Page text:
Wind vanes are generally available in three different styles: silhouette, swell-bodied, and full-bodied. A silhouette styled weathervane is one in which the figure is a cut-out of a motif, in other words, are two-dimensional. Such vanes are simple to make, and generally cost less than the other styles. This style is more commonly used for small sizes, especially for gardens. Swell-bodied figures have some shape to them, but are not completely three-dimensional. These vanes do not have much detailing in them, except for some profiling of the figure on both sides, and are moderately priced. A full-bodied vane is a complete three-dimensional replica of a subject, and is highly detailed – this style represents true sculptures in the sky. These weathervanes are pieces of art, and are priced accordingly.

3. Shop by type

Weather vanes can be created by different techniques, and this decides the cost and longevity of a weathervane.

There are four different manufacturing techniques:

  1. casted,
  2. machine pressed,
  3. mold-crafted
  4. free-hand crafted.

1. Casted wind vanes are made by the technique of sand-crafting. The figure to be created is first carved out on wood or plastic. Fine sand (mixed with a bonding agent such as clay) is poured into the wood or plastic model, and solidified. This creates a hollow structure (or cavity) that is then filled with the molten metal. After cooling, the sand mold is broken away, the cooled casting is cleaned, finished, and painted. Metals such as bronze, zinc, and iron are used to create cast vanes. In modern days, aluminium is used that is lighter and cheaper, but also short lived. Custom designs can be created, though these can be costly.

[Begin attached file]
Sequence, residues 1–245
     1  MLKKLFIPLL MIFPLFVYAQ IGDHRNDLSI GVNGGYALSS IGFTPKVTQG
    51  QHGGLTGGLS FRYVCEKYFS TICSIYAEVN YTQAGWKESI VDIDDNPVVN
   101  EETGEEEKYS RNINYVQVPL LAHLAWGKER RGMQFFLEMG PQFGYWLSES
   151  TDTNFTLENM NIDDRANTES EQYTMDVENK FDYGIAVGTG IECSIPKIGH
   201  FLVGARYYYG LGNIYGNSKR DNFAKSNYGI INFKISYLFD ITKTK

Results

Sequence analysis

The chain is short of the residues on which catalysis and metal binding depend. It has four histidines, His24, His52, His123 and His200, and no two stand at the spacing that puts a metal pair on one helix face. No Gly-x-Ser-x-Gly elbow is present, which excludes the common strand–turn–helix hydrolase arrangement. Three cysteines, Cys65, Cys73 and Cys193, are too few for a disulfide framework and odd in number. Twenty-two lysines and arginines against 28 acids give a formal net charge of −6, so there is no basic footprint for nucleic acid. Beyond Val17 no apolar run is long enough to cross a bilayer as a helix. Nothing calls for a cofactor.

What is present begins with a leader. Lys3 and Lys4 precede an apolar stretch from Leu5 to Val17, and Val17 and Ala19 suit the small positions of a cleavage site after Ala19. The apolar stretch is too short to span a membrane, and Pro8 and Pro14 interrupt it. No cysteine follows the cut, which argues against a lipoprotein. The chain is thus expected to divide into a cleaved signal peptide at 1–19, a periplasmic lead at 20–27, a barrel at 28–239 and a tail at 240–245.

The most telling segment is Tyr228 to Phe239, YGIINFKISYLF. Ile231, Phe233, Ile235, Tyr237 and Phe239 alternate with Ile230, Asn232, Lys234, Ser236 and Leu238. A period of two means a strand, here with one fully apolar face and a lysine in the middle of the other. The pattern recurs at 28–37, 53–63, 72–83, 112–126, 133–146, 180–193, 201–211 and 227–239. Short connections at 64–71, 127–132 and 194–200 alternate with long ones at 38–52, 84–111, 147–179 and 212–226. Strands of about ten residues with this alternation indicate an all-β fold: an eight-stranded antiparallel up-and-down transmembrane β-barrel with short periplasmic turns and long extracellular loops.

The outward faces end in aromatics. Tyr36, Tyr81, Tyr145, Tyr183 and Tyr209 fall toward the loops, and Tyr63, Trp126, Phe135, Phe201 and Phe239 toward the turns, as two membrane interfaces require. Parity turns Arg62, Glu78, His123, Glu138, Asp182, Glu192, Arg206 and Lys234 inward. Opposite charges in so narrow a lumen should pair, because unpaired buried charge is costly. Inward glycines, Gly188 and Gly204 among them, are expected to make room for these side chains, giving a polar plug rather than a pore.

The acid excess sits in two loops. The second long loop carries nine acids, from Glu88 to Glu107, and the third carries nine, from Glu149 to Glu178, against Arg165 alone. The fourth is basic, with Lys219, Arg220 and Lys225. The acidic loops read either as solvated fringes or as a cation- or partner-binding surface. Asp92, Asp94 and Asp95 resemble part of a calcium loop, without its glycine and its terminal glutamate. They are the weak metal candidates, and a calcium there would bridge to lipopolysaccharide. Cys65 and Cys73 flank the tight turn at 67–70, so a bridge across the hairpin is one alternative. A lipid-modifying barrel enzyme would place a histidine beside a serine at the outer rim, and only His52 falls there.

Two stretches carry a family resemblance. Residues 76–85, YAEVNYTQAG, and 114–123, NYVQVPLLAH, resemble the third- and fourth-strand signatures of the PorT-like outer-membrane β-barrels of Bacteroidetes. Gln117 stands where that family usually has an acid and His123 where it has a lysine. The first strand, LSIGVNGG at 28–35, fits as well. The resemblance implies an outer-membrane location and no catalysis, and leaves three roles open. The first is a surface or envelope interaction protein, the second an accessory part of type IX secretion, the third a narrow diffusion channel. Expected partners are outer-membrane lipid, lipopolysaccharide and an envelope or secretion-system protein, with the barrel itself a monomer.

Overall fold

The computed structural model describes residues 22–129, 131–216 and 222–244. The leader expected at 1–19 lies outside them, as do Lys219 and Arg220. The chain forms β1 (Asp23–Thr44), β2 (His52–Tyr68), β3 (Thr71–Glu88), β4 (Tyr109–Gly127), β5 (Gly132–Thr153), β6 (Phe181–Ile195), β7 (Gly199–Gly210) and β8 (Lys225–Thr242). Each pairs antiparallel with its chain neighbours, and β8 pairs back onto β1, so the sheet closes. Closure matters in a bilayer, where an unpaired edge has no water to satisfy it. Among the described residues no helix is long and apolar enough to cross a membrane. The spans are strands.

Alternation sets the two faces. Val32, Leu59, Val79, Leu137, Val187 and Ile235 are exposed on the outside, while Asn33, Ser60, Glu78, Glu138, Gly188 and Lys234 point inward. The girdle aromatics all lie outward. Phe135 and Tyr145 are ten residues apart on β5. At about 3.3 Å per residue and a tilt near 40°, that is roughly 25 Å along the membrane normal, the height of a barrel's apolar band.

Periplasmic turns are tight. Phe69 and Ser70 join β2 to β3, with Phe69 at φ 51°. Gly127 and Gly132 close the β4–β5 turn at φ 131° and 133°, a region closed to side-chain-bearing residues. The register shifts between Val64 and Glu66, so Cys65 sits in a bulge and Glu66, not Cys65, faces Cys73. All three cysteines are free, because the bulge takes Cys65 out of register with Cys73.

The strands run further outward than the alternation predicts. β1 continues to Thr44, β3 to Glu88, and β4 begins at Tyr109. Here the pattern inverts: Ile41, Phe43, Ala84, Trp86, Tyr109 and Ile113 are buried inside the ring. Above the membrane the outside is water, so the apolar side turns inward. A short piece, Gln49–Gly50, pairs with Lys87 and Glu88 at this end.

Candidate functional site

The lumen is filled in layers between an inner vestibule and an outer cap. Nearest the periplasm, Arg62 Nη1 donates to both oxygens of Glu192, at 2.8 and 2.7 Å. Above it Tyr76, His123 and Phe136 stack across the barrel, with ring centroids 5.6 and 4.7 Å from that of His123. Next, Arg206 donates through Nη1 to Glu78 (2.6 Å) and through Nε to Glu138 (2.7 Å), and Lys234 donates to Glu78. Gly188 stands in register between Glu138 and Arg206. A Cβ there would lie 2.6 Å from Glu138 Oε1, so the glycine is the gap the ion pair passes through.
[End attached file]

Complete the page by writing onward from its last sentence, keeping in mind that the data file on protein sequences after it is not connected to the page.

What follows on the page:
2. Machine pressed weather vanes are manufactured by placing a thin sheet of copper in a machine that has molds in the shape of figures to stamp out the parts of a design. These parts are then soldered together to create the complete figure. Figures are polished or painted. The machine pressed version can be produced in bulk quantities, and are easily available in almost every store that sells vanes. These cannot be custom-made. Machine pressed vanes are cheap, but may not last long.

3. Mold-crafting was the technique used extensively during the late 19th century, and many of the antique weather vanes found today were made by this method. The method is similar to machine pressing, except that the pressing is done by hand-hammering. Carved wooden figures are used as molds, and copper sheets are carefully hand-hammered into these molds to produce the parts, that are then assembled together. The weather vanes are either polished or have a Blue Verde finish. They have a fine texture and detailed carvings. Some of the antique wind vanes are highly collectible, and can command thousands of dollars.

4. Freehand crafting is done by artists. Depending on the artist’s vision, and the buyer’s imagination, almost anything can be crafted out using this technique. Freehand crafted vanes are among the finest in the world, and boast of quality that can last for generations. Most of these increase in value with age, and many become family heirlooms. These pieces can be available directly from the artist, or at museums and galleries. These pieces of art generally have the signature of their creator engraved on them, just like a painting. These weathervanes come with a bronze or stainless steel post, and a brass or bronze compass point.

Do keep these points in mind when shopping for your favourite weathervane, and gift yourself a transformed house!